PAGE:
A Century of Memories:A celebration of the life of Mr. E.D. “Dudley” Richard

By Brittany Smith


A Century of Memories:A celebration of the life of Mr. E.D. “Dudley” Richard

Mr. Dudley Richard, who celebrated his 100th birthday this year, passed away on Friday. Mr. Richard has a large family and over 80 grandchildren. Staff Photo

Mr. E.D. “Dudley” Richard passed away on Friday, July 1, 2011. 

He was the son of Eugene Franklin Richard and Minnie Pearl Moore Richard. He is survived by four daughters and four sons. Richard had 24 grandchildren, 43 great-grandchildren, and 14 great-great-grandchildren. 

He celebrated his 100th birthday on January 9th. 

In a story titled “The Good Life” published in the January 5 issue he stated that he was born in the Owl Creek area during a bitter winter storm, and according to him, it was a wonder that he made it through the night, much less lived to be 100. 

“I probably weighed less than two pounds when I was born,” said Richards.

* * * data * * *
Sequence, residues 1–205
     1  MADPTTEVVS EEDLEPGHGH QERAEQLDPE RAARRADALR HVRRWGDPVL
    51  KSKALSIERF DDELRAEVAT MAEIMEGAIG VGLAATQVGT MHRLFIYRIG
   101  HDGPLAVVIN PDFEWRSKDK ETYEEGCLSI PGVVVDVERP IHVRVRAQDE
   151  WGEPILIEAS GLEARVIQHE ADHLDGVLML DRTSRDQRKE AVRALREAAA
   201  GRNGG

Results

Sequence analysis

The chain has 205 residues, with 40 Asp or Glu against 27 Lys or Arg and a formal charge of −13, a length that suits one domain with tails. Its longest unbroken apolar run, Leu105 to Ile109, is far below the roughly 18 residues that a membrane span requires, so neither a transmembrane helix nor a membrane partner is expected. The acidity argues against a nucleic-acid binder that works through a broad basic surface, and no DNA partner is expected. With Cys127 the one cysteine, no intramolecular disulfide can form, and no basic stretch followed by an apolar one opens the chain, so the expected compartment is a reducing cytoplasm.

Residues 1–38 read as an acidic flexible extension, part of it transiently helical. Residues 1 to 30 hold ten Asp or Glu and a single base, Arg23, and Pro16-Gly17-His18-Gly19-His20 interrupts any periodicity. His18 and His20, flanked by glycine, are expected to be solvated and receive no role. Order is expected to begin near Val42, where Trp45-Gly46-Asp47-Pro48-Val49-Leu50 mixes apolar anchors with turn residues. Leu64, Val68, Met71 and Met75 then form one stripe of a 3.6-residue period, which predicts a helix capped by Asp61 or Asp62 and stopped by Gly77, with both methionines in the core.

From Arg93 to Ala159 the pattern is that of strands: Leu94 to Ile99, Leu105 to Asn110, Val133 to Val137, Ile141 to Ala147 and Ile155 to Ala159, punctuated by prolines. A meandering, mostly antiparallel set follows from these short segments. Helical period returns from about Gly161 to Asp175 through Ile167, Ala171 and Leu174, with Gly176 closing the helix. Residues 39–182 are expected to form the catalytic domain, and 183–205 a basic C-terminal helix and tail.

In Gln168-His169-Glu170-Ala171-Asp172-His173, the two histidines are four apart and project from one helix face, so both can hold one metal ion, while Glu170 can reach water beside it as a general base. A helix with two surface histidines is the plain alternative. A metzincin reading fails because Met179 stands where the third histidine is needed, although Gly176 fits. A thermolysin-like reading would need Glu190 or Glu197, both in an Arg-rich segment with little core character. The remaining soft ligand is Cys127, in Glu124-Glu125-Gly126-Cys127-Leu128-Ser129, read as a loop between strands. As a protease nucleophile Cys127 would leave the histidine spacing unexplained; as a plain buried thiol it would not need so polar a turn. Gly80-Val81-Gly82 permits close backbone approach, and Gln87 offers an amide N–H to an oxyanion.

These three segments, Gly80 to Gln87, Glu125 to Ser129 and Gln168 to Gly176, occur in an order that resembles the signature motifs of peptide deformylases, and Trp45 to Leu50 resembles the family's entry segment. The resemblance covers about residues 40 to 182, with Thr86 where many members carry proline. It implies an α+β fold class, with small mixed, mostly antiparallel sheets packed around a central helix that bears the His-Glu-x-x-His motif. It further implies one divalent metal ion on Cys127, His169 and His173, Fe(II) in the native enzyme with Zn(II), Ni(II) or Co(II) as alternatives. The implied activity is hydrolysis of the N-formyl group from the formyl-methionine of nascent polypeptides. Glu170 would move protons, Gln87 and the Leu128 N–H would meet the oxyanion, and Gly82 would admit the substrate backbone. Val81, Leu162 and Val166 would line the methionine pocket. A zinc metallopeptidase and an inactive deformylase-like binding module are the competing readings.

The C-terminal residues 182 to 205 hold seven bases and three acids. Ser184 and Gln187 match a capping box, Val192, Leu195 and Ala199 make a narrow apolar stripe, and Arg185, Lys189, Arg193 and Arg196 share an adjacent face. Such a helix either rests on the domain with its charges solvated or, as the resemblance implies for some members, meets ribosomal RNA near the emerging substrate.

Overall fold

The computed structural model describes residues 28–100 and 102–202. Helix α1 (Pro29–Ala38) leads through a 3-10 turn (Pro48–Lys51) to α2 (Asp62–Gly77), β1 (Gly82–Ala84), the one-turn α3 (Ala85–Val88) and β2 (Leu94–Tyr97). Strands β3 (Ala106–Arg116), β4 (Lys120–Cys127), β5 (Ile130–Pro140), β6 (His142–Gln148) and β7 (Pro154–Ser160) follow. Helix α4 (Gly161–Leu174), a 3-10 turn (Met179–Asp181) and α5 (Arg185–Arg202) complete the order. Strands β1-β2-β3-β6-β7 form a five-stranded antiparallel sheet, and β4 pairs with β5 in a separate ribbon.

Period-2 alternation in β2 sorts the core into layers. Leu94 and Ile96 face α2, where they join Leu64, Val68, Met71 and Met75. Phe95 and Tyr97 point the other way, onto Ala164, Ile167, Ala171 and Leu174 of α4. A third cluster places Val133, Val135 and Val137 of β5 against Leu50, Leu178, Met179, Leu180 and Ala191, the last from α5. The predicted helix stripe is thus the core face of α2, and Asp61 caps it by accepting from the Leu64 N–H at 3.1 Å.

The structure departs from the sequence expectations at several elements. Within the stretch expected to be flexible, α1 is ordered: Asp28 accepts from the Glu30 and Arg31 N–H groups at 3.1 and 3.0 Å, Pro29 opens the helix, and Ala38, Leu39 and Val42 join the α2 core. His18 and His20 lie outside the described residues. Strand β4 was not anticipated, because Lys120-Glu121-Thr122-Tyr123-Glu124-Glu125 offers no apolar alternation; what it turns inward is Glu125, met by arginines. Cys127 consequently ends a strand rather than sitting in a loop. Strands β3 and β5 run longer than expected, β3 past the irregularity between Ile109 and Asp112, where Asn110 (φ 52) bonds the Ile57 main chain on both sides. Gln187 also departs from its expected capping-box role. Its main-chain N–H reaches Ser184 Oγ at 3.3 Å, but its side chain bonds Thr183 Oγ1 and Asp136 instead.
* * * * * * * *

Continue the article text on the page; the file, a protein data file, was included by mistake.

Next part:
Mr. Richard experienced many historical events in his 100 years. 

“I was already high school age during the worst of the Great Depression,” explained Richard. “That whole year, I only had $7.50 to my name.” 

One of the proudest achievements in Mr. Richard’s life came in 1932 when he joined the first Civilian Conservation Corps (CCC) in Unicoi County. 

After serving in the CCC for 11 months, Richard returned home to McNairy County and married his wife, Mai Del. 

Richard moved to Memphis around 1937, where he worked hauling lumber for contractors and attended the William R. Moore School of Technology, studying machinery and woodworking. 

“I stayed there ‘till the War came on, then I went out to MacDonald Aircraft in Memphis. I was in charge of maintenance over the whole building. I was one of the first ten people hired there, and the last to leave after they moved the factory out, so I reckon I done my job during the War,” said Richard. 

Richard moved back to McNairy County in 1948, where he spent most of his years working as a contractor. 

He was a charter member of the Selmer Rotary Club. 

He also built many finely-crafted pieces of furniture, established a scholarship at Union University in memory of his late wife, and even penned and self-published an “unofficial” history of McNairy County titled “The Yarns and the Cloth.”

When asked how he had managed to live so long and accomplish so much, his answer was short and simple: “I just see what I want to do and do it.” 

As the owner of a blueberry farm, he also attributed his long and healthy life to the blueberry saying, “ They’re the best health food in the world.”